William Herschel - John Couch Adams - The Universe TV - Carl Sagan TV - Solar Empire: A Star is Born TV - Horizon TV - Cosmic Collisions TV - Storyville: Farthest: Voyager’s Interstellar Journey TV - Brian Cox TV -
I cannot but wish to take this opportunity of expressing my sense of gratitude, by giving the name of Georgium Sidus ... to a star which (with respect to us) first began to shine under His auspicious reign. William Herschel, 1783
Formed a design at the beginning of this week of investigating, as soon as possible after taking my degree, the irregularities in the motion of Uranus which are yet unaccounted for; in order to find whether they may be attributed to the action of an undiscovered planet beyond it; and if possible, thence to determine the elements of its orbit, etc., approximately which would probably lead to its discovery [Neptune]. John Couch Adams, Journal of Society of Engineers, 1893
In the distant corners of our Solar System are the violent ice giants Uranus and Neptune. Blanketed with smoky hazes these outer planets are turbulent and unpredictable. Neptune suffers the fastest winds in our solar system ... Uranus’s inner swarm of moons dash around the planet in less than a day. The Universe s1e11: The Outer Planets, History 2007
Uranus seems to be relatively calm. ibid.
Herschel first laid eyes on Uranus through a telescope. ibid.
Five planetary rings: features that had only previously been seen on Saturn. ibid.
Voyager II reached Uranus early in 1986. It was nine years since it had left the Earth. Uranus is coloured blue because the atmosphere contains traces of methane – it’s a featureless cold world. But Uranus is different from all the rest. It rolls around the Sun spinning on its side, possible because of a giant impact in its early life. Uranus is encircled by eleven incredibly thin rings of ice and dust. Universe s2e1: Alien Planets
The rings of Uranus were first discovered in 1977. Carl Sagan & Ann Druyan, Cosmos: The Shores of the Cosmic Ocean, PBS 1980
In Bath, England, William Herschel discovered a new planet. Wishing to curry favour he tried to name it George’s Star after the king, but the idea didn’t go down well with other astronomers. The new planet was dubbed Uranus instead. Like Saturn it has rings – less impressive in appearance but more spectacular in formation. Solar Empire: A Star is Born, National Geographic 1997
What Herschel found in 1781 was Uranus. For two hundred years all we could learn from our telescope were the size, the tilt and the composition of the planet. But with Voyager II in 1986 came the first ever chance to get a close look at the planet ... What Voyager did see is the rings. ibid.
Herschel had discovered a new planet: we now call it Uranus. Two hundred years later we still know almost nothing about it. It is nearly two billion miles from Earth and tipped on its side. Five dark moons circle the planet. Horizon: Uranus Encounter, BBC 1986
Voyager II: this unmanned little space-craft would fly within fifty thousand miles of this planet in January 1986. ibid.
Uranus is remarkably featureless. A five-thousand-mile thick gaseous atmosphere enshrouds the planet. ibid.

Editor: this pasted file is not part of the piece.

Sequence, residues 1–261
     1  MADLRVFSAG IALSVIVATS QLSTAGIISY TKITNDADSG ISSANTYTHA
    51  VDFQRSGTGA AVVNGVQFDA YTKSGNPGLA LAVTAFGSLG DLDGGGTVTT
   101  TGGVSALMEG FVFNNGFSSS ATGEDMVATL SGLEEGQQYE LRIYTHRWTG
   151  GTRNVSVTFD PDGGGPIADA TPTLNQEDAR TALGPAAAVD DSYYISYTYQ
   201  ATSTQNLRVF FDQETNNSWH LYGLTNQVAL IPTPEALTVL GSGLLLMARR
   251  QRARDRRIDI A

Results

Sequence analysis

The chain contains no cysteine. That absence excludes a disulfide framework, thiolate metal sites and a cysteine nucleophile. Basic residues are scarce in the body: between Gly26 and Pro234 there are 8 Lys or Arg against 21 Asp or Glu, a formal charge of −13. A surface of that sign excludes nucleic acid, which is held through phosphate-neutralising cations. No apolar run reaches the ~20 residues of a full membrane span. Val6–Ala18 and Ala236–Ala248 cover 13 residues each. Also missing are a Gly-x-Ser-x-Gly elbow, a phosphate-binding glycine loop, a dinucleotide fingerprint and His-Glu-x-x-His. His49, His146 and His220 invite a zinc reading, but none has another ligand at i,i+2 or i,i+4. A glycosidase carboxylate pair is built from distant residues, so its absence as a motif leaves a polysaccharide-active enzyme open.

By shining a radio beam through the rings back to Earth Voyager discovered that the boulders that make up the rings are about a yard across. Tiny specks of dust are being ground off these rocks and orbit the planet between the well-defined rings as they spiral down into the planet itself. In a few hundred million years these rings will have worn away to nothing. ibid.
As it emitted its radiations it changed into Thorium and so on through Radium and Radon in a chain that only stopped with Lead. But no-one was prepared for the discovery in 1938 that if you bombarded the Uranium atom with a neutron you could break it into two. ibid.
Compared to the other planets in the solar system, Uranus seems less remarkable. Initially dismissed as a star, it was eventually recognised as a planet in the late eighteenth century. Known as one of the ice giants, Uranus is small compared to its gas giants neighbours Jupiter and Saturn. Cosmic Collisions: Solar System, Discovery 2009
It’s tipped on its side. For years this strange alignment baffled astronomers. ibid.
‘Now it’s five years of cruising out to Uranus’ [from Jupiter] ... ‘so remote it’s not even known until 200 years ago.’ Storyville: The Farthest: Voyager’s Interstellar Journey, BBC 2018
In January 1986 Voyager II arrived at Uranus, 1.8 billion miles from Earth. At closest approach, it flew just 51,000 miles above Uranus’ cloud tops. ibid.
Far far away beyond Mars, past the storms of Jupiter and the rings of Saturn, conditions become very different. Temperatures plummet and distances between worlds are measured not in millions but in billions of kilometres. Here lies the most mysterious planets of them all. Uranus: a pale blue marble hanging in the dark frozen depths of space. And further out, the solar system’s final true planet: Neptune. Beyond, we thought we’d only ever find tiny lifeless worlds frozen to the core. How wrong we were. Brian Cox, The Planets V: Into the Darkness: Ice Worlds, BBC 2019
Uranus: 2.9 billion kilometres from the sun. Just like Jupiter and Saturn, the planet’s upper atmosphere is composed mostly of swirling hydrogen and helium gas. And hidden beneath, lies an exotic icy mix of methane, ammonia and water. But unlike the other gas giants, Uranus is almost featureless. ibid.
Just like Saturn, Uranus has rings. ibid.